What we would like to share with you at ShameOnAustria is the Austrian animal rights trial story so far and keep you up to date with developments concerning the retrial.
Watch the short film for a summary of what happened so far. Listen to the interviews with the activists themselves talking about their ordeal. Take the ‘moral decency’ test and read up about the self-indictment campaign where nearly 3,000 people have already taken part!
It seems like such a long time ago that 10 of our campaigners were dragged away at gun point to spend a frightening and miserable 3 months in pre-trial detention. That moment was like entering a dark tunnel or being on a ghost train where at every curve the state horrified us again and again with just how far they were prepared to go with their attempt to stamp out the Austrian animal rights movement. What kept the wind in our sails was realising that our situation was making other people angry, people we didn’t even know, who lived all over the globe : )
Who would have thought that by using legislation intended to fight organised crime, an anti-mafia law, as the charge would be what would make it possible to attack us in this way! Who ever came up with the idea must have felt very pleased with themselves – but there is an obvious flaw in comparing the Mafia with our movement: one is intent on personal gain and the other on reducing suffering. It was this, coupled with a serious lack of evidence, that eventually led to a full aquittal, a non-guilty verdict in all counts after the longest trial in Austria’s second republic!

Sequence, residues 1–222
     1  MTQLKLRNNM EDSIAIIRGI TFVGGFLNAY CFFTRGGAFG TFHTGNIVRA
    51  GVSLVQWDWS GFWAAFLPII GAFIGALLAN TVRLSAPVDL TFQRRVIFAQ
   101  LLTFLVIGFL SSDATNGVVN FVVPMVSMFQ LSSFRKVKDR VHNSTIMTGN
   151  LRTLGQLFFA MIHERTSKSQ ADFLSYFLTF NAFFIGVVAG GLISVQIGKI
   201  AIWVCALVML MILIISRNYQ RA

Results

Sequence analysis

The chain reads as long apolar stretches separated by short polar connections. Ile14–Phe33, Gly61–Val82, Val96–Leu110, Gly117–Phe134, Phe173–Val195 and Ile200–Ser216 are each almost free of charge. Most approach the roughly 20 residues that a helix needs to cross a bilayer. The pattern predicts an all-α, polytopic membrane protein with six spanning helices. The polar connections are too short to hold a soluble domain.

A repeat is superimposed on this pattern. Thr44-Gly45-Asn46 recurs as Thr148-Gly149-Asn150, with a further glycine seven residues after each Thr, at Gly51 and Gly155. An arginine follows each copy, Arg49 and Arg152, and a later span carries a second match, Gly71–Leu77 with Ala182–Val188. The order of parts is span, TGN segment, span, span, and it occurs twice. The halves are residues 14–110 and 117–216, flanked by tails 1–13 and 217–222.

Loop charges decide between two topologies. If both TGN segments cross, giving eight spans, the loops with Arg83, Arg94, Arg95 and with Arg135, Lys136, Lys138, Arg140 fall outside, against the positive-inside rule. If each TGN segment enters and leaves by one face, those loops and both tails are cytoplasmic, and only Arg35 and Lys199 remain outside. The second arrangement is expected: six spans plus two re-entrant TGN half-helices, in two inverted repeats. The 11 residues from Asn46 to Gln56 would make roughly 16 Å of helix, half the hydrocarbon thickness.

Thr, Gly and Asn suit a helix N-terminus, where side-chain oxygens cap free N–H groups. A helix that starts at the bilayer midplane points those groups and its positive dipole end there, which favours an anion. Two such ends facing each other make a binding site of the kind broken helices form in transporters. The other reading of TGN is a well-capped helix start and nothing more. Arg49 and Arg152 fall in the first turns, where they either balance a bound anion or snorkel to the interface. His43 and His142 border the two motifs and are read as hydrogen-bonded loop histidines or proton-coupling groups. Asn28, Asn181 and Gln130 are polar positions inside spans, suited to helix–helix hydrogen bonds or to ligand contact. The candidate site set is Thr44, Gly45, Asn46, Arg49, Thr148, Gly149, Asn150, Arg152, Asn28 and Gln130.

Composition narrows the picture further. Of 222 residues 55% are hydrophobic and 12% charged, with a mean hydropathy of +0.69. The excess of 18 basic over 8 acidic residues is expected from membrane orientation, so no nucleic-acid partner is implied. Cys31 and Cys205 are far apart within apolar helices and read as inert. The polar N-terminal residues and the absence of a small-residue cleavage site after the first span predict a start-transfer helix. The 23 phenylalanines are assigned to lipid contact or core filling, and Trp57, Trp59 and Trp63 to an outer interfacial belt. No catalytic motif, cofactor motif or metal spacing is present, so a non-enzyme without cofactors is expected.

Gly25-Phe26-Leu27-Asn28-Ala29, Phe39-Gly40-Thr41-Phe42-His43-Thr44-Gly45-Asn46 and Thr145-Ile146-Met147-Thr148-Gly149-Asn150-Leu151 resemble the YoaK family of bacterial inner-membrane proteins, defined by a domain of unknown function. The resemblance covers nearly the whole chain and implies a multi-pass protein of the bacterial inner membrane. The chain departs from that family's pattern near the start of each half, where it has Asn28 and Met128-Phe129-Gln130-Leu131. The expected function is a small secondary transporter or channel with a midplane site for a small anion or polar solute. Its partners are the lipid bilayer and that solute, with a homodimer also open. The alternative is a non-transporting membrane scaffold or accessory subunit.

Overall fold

And since then? Well, it’s a mixed bag. The worst is that we expected an appeal against the aquittal to come and come it did. It has been upheld by the courts, which means that some of the original defendants will have to go back on trial. And what, you may well ask, will they go on trial for, if there was no evidence against them? It’s a good question and the answer is, by saying that informing a company of a legal awareness-raising campaign to start against them if they are unwilling to stop selling fur counts as coercion. The interesting thing is that in Austria, coercion only counts as coercion if it is seen by people generally as ‘violating moral principles'(Sittenwidrigkeit). A recent empirical survey asking Austrians whether this method of campaigning was a ‘violation of moral principles’ revealed a resounding ‘No, it’s ok for campaigners to inform a company of a campaign against them and their business practices. Given that the public feel like this, a charge of coercion seems hard to maintain.
In response to the news of a retrial, thousands of people sent a letter of self-indictment to the prosecutor’s office stating that they too had contacted the clothing store Kleider Bauer informing them of a campaign. To date there has been no reply from the prosecutor suggesting they are not quit sure how to respond perhaps?
Other developments since the end of the first trial have been that the judge who passed the not-guilty verdict has been demoted while the chief prosecutor has been promoted. The anti-mafia law has been changed to protect against its further misuse. General support for animal rights campaigners is high – everyone will tell you what a scandal the trial was. Veganism is booming in Austria, maybe a coincidence, it’s hard to tell.